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Oracle Auditing Traps

Don Burleson

 

Burleson is the co-author of the bestselling book "Oracle Privacy Security Auditing: Includes Federal Law Compliance with HIPAA, Sarbanes-Oxley & The Gramm-Leach-Bliley Act GLB", by Rampant TechPress.

The Auditing Traps

The common auditing traps are well-known in the IT security field and are taught in almost every business school in the USA.  Given the wide knowledge of these exposures it is surprising how often they are disregarded by the IT manager.

·        Cover all layers - Protecting the application layer is only part of the solution.  A comprehensive auditing solution must check for access at the web cache layer (cached HTML data), application server caches, database caches and backdoors, and access violations at the server level. 

·        Exclude privileged users - Another common trap is allowing privileged employees to bypass security and audit mechanisms.  Your Systems Administrator and DBA have no business touching your auditing mechanism, and while they may be responsible for the integrity of the data, a third-party must be used to perform all auditing collection, administration and reporting duties.  There have been many serious lawsuits where a dishonest DBA entered a database and changed financial data, disclosed confidential information and violated Federal data access regulations.

·        Not knowing how it happened –Finding a security violation and never being able to determine the cause creates a huge legal liability for any corporation, and this is very common among IT shops that choose to use piecemeal solutions to their privacy and auditing mechanism. In one case, a user was found to be committing fraud, but without an audit trail of exactly what transpired the organization had no way of understanding the scope of the damage.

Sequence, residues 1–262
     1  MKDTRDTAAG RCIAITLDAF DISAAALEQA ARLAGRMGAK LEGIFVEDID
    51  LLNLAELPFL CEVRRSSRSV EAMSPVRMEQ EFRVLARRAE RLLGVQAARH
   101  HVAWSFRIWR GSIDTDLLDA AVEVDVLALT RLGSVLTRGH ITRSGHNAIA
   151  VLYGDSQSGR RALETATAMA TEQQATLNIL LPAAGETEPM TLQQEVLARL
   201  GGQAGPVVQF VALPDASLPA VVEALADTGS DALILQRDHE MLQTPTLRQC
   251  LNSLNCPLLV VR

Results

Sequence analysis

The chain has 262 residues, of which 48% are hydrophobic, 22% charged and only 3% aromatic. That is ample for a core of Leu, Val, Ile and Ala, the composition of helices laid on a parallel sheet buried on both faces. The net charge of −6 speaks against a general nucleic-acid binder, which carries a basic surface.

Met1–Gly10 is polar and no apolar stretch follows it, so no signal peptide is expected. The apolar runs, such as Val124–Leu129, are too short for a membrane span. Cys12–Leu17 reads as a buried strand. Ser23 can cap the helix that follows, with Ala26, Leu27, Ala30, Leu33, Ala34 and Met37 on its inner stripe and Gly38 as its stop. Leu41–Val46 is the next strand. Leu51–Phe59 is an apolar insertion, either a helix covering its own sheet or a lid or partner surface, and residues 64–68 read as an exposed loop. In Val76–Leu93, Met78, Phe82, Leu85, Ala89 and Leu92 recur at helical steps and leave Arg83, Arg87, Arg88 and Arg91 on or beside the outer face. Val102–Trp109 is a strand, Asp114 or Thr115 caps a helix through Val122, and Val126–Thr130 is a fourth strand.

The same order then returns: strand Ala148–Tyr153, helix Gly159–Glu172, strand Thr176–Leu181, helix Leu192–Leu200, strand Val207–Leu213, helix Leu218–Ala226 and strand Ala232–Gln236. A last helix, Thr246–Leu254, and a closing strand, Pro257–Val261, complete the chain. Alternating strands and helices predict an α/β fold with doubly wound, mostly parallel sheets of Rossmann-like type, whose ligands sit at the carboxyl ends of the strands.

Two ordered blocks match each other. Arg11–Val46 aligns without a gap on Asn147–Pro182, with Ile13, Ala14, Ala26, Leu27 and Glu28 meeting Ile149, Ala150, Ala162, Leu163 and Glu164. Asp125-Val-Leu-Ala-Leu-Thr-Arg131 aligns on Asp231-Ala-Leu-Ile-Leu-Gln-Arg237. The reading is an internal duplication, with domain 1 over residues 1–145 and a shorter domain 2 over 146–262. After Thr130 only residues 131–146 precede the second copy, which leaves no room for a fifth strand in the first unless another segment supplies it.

·        Non-uniform audit rules –Another of the common traps is applying different rules to auditing of different systems.  This is often the result of the limitations of the application code.  For example, you may be able to add a complete auditing solution to the system that was developed in-house, but you do not have the same luxury when using an ERP product (SAP. PeopleSoft) because you cannot touch the application code.

With all of these exposures and threats the savvy IT manager must be able to cover themselves from even the most unlikely scenario.  Here are some of the common ways that the IT manager ensures that they have a compliant, robust and comprehensive solution.

Segregation of Auditing Duties

While general security and auditing are passive activities, a comprehensive solution to auditing requires real-time reporting of active attempts to bypass security.  Remember, smart shops close all back-door data access (e.g. ODBC) and enforce data access via the application layer.  However, we must still create an alert mechanism for all data access attempts at all layers, whether malicious or benign. 

This segregation of duties is critical because it is considered malfeasance to give the "Keys to the Kingdom" to anyone charged with maintaining the servers and databases.  In many cases disgruntled employees may view confidential information for personal gain and sometimes create mechanisms to disclose the information if they are terminated from employment (see horror stories later in this paper).

Now, let's change focus and examine how the IT manager can satisfy their due diligence requirements while satisfying their auditing challenges.

Security, Privacy and Auditing Misconceptions

After interviewing dozens of IT managers, a common set of misconceptions arise about compliance with Federal regulations for security and privacy.  This is not surprising, given that the legalese of the actual laws is almost indecipherable, but the IT manager needs to know about the realities of these important new laws. Some of the most common misconceptions include: